NHS employers have been told to review their use of sachets of polymer gel granules after it emerged that they can cause death or severe harm if swallowed.
Regulator NHS Improvement, which sent out a safety alert yesterday to organisations, said it had been told of a patient dying of asphyxiation after ingesting a sachet left in an empty urine bottle in their room.
“While safety advice following previous fatalities focused on the need for individual risk assessment, recent incidents suggest this is insufficient”
The “superabsorbent” granules are widely used in health and social care, typically as sachets placed in urine and vomit bowls to absorb liquid and prevent infections.
They are not toxic but if put in the mouth will expand on contact with saliva, risking airway obstruction.
NHS Improvement has advised healthcare providers to consider using other products, which are less likely to be swallowed.
A review of the NHS’s national reporting and learning system found details of 15 non-fatal incidents in acute, community and mental healthcare settings in the past six years related to the granules.
In some of incidents, patients may have mistaken the sachets for sweets, or sugar or packets of salt. Other incidents may have been attempts at deliberate self-harm, noted NHS Improvement.
Some patients opened the sachets, tipped the contents onto food and drinks and swallowed them, or put whole sachets into their mouth, said the regulator.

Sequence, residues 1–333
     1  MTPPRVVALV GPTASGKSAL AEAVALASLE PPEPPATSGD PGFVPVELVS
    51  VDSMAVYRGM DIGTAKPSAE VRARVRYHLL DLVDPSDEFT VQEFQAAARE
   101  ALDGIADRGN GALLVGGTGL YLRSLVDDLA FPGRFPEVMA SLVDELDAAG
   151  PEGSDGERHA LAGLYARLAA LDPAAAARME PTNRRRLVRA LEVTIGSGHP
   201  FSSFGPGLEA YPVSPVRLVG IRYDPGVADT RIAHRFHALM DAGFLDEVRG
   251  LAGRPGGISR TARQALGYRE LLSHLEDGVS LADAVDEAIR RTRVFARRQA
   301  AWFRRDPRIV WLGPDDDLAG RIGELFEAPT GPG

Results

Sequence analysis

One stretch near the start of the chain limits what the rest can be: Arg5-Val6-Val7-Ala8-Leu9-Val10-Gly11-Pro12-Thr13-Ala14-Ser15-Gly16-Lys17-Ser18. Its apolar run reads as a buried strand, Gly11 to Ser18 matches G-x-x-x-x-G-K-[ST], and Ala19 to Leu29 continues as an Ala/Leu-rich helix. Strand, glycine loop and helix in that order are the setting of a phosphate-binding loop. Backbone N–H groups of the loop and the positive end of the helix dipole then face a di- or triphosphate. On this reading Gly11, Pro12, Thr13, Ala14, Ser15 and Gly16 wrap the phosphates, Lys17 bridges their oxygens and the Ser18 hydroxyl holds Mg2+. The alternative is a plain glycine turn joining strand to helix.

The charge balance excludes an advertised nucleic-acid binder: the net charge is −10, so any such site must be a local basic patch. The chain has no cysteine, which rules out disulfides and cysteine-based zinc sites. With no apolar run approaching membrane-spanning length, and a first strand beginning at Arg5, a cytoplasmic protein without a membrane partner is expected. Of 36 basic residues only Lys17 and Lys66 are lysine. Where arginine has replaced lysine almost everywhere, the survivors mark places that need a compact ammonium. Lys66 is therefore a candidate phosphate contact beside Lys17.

”Sachets intended for use by one patient have been picked up by others and many inpatient units have patients who are confused or at risk of self-harm”
In one incident, a patient was found with what appeared to be sugar in their mouth. When staff realised it was an expanding agent used in urinal bottles, the patient spat out some of the product but they were unable to swallow.
The patient was sent to A&E by ambulance because of the risk of “expansion and asphyxiation”. Staff did not know how the patient got the sachet, NHS Improvement said.
“While safety advice following previous fatalities focused on the need for individual risk assessment, recent incidents suggest this is insufficient to protect patients, as sachets intended for use by one patient have been picked up by others and many inpatient units have patients who are confused or at risk of self-harm,” NHS Improvement said.
Healthcare providers are encouraged to “review their overall approach to using these products, including consideration of whether alternative products less likely to be ingested can be adopted,” said the regulator.
It also suggested employers should consider whether gel granules should be reserved for “exceptional rather than routine use, and securely stored until those circumstances arise”.